Re: Unicode in VFAT file system

Date: Thu Jul 27 2000 - 04:55:11 EDT

Well... there was only one Unicode in those days. But the vagueness
persisted after its time. This is fine in the consumer documentation,
where it really doesn't matter. But in the development docs it is a real

Of course, I understand that software development cycles, the size of the
Windows API, and other factors are also involved. And no, Microsoft isn't
alone in this. But it is important to point out to Windows developers
where the documentation is deficient. If we were talking about some other
system, I'd probably have similar comments to make (or worse comments: at
least MS went to the considerable difficulty of building Unicode support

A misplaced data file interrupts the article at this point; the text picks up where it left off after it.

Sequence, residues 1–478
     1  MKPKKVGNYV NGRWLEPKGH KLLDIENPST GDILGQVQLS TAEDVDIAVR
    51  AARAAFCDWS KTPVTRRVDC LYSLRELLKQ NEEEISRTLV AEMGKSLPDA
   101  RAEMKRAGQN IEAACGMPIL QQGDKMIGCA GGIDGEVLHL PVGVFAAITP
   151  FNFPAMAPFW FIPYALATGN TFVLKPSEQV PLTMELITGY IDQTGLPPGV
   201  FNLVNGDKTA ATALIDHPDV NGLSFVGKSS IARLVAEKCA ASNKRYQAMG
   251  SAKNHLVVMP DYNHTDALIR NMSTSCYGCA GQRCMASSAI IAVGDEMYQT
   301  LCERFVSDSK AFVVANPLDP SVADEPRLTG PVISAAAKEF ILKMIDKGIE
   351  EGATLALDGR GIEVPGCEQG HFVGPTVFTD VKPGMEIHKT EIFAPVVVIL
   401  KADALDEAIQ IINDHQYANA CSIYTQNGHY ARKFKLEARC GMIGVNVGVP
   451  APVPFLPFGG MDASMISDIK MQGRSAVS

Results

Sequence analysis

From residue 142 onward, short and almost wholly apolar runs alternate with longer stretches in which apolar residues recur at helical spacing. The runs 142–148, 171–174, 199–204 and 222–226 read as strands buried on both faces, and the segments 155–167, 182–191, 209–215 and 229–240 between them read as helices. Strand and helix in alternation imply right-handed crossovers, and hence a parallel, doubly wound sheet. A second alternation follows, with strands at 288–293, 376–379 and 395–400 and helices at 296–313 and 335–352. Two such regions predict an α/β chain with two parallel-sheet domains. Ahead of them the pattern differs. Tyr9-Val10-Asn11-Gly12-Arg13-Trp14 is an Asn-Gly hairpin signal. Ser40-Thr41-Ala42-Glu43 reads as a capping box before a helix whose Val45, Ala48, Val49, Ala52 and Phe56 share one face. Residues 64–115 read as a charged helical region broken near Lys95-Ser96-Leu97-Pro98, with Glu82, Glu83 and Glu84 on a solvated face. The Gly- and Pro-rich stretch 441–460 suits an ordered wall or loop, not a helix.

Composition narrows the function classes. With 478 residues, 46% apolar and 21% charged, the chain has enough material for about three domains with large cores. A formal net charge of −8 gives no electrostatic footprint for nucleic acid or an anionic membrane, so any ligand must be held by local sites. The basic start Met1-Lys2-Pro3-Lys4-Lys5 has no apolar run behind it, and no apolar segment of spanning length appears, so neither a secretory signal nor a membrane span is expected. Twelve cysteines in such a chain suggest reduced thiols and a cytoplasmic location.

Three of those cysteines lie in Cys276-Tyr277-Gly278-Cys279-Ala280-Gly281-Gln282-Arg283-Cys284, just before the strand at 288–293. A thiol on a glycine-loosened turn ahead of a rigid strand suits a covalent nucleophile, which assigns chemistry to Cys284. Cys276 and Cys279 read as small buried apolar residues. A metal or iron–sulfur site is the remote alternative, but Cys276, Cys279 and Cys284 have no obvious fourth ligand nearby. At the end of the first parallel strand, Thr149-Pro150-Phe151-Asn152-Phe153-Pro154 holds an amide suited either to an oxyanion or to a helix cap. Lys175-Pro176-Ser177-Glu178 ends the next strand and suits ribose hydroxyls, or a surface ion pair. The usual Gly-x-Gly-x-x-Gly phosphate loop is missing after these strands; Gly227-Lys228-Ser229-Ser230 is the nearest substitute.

into NT from the get-go).



On Fri, 21 Jul 2000, Doug Ewell wrote:

> Addison Phillips <> wrote:
> > Avoiding for the moment the word-parsing that Markus suggests, Unicode
> > on Microsoft platforms has always been LE (at least on Intel) and they
> > have called the encoding they use "UCS-2" (when they bothered with
> > such things: in the past they always called it "Unicode" as if it were
> > the *only* encoding). As Unicode has evolved, Microsoft products have
> > become more exact in this regard.
> I remember that in the early to mid '90s, before the invention (or at
> least widespread use) of UTF-8, UTF-32, and surrogates, *everybody* --
> not just Microsoft -- used the term "Unicode" to refer to what we would
> now call UCS-2. Even the Unicode Consortium did this! And even now,
> the few of my co-workers who know about Unicode (I'm trying to spread
> the word, folks, honest) think a "Unicode text file" is UCS-2 by
> definition. I don't know what they would think of a UTF-8 file --
> nobody but me is knowingly using them yet. In any case, this usage is
> by no means confined to Microsoft.
> -Doug Ewell
> Fullerton, California

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